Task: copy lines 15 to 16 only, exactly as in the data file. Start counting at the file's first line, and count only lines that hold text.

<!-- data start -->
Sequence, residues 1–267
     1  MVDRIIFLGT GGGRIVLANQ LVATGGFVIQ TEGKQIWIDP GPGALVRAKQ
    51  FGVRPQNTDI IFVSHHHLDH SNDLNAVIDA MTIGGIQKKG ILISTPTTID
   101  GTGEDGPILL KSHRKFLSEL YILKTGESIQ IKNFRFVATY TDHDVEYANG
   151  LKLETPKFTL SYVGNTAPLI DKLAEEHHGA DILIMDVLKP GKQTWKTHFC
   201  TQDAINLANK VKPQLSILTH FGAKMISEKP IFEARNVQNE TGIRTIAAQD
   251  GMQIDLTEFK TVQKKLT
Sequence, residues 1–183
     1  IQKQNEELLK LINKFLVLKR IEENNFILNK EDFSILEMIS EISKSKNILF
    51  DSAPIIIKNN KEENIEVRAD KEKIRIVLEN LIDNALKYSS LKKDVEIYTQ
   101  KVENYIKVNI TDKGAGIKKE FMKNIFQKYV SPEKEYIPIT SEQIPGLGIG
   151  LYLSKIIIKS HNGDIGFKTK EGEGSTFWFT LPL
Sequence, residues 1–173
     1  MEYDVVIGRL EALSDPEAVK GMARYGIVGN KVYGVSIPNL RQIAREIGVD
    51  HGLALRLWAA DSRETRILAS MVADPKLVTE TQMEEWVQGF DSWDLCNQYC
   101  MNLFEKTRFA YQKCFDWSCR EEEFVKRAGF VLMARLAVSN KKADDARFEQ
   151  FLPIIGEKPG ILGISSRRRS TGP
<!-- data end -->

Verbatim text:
    51  HGLALRLWAA DSRETRILAS MVADPKLVTE TQMEEWVQGF DSWDLCNQYC
   101  MNLFEKTRFA YQKCFDWSCR EEEFVKRAGF VLMARLAVSN KKADDARFEQ